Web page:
By Anne Leader
March 25 marks the Feast of the Annunciation, commemorating Gabriel’s visit to Mary with the message that she would bear the Son of God. Traditionally in Italy this day marked the first day of the new year. It was only with the introduction of the Gregorian calendar in the late sixteenth century that Italian municipalities began marking the new year on 1 January (for example, Venice adopted the new system in 1582; Florence, in 1750).
The story of the Annunciation is told in Luke’s Gospel (1: 28-38), and his words form one of the basic Christian prayers: “Hail [Mary], full of grace, the Lord is with thee” (Ave [Maria], gratia plena, Dominus tecum). As one of the primary Marian feasts, the Annunciation has been represented countless times by Italian artists in paintings, sculpture, mosaic, and manuscript illumination. Michael Baxandall has demonstrated how artists subtly portray one of several distinct moments during Gabriel’s astounding visit, with some artists choosing to show Mary’s surprise, others her fear, confusion, or humble acceptance of her incredible mission, when she responded, “Behold the handmaid of the Lord; be it done to me according to thy word” (Luke 1: 38).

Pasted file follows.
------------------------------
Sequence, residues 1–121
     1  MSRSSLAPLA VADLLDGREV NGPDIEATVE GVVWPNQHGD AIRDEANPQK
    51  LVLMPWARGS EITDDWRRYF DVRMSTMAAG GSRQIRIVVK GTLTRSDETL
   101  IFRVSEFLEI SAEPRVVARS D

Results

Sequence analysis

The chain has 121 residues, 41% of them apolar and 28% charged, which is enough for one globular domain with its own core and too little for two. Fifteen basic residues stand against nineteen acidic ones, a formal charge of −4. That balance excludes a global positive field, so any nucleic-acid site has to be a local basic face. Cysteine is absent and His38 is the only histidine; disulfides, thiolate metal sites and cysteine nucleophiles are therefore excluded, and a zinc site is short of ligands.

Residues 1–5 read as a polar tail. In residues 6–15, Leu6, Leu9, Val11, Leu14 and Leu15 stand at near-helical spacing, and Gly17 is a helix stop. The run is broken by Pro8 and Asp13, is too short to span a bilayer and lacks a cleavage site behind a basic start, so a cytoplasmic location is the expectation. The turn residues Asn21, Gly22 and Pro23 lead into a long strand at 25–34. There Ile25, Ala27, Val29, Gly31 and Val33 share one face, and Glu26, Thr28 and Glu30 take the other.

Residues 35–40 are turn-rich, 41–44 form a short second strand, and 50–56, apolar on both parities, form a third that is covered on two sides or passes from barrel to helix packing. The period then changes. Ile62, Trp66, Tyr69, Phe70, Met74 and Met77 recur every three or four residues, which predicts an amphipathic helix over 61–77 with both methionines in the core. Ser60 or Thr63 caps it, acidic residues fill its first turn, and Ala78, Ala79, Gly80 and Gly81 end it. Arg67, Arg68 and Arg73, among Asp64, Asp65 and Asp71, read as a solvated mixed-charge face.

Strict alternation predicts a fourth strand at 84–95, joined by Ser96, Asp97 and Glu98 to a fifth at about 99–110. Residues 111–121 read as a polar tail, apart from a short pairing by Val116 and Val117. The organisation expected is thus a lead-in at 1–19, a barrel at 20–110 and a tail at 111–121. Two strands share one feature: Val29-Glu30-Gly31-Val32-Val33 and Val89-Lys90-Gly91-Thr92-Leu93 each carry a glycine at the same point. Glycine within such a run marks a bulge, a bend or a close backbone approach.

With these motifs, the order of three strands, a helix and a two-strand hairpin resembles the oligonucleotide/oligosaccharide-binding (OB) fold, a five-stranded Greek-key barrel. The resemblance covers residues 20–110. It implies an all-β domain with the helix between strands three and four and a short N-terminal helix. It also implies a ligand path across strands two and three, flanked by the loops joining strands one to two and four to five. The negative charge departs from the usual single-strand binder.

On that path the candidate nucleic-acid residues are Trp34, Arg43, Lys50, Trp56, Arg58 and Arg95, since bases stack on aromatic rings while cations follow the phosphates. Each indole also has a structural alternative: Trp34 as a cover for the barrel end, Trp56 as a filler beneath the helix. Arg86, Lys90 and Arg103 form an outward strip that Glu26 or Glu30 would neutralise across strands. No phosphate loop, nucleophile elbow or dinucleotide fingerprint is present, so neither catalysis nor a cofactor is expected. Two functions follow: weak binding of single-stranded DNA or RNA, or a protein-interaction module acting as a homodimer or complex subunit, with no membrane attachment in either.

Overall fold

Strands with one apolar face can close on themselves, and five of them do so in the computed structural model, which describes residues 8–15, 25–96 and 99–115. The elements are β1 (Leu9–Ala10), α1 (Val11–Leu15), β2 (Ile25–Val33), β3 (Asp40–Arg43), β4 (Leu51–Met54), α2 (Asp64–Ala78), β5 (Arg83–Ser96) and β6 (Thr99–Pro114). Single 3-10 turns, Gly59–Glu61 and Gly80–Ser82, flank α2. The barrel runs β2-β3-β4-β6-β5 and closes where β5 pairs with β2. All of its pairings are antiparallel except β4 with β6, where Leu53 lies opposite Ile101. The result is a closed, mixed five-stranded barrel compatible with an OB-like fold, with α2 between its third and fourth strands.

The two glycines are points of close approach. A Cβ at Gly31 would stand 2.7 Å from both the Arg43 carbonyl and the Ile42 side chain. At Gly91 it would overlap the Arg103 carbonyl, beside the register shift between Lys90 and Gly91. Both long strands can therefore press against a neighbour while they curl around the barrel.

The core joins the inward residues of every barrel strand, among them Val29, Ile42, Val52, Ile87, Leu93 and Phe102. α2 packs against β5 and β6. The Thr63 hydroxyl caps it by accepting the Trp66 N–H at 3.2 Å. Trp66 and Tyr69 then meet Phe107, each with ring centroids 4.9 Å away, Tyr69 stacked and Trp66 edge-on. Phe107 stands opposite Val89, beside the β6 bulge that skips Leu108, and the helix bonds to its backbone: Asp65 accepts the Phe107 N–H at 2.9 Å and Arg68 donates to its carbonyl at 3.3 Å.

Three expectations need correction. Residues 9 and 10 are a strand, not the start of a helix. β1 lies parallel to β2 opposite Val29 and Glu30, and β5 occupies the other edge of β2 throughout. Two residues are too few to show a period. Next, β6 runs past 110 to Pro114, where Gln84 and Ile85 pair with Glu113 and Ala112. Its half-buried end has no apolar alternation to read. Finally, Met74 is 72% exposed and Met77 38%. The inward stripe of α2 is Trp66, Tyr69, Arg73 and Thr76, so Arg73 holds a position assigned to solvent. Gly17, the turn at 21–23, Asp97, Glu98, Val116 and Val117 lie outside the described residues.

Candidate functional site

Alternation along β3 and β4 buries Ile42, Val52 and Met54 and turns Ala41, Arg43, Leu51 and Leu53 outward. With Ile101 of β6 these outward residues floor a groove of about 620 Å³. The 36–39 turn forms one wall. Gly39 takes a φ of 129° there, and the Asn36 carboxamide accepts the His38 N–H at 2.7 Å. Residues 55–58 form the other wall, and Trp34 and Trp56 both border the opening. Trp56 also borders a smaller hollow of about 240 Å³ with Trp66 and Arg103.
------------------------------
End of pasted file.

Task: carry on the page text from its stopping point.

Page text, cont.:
Giotto, Gabriel and Virgin Annunciate, 1305-6, fresco. Scrovegni Chapel, Padua
Fra Angelico, The Annunication in an initial ‘R’, ca. 1425, tempera and gold on parchment. Museo di San Marco, Florence
Benedetto da Maiano, Altarpiece of the Annunciation, bef. 1489, marble. Mastrogiudici Chapel, Sant’Anna dei Lombardi, Naples
Andrea della Robbia, Annunciation, c. 1475, glazed terracotta. Chiesa Maggiore, La Verna
Lorenzo Ghiberti, The Annunciation, 1403-24, gilded bronze. Baptistery, Florence
Jacopo Pontormo, Annunciation, 1527-28, fresco. Cappella Capponi, Santa Felicità, Florence
Monte di Giovanni, Annunciation in an initial V, 1514, cod. S, n. 14, fol. 54r. Archivio Opera del Duomo di Santa Maria del Fiore, Florence
Fra Angelico, The Annunciation, 1442-43, fresco. San Marco, Florence
Antonello da Messina, Virgin of the Annunciation, bef. 1479, oil on panel. Alte Pinakothek, Munich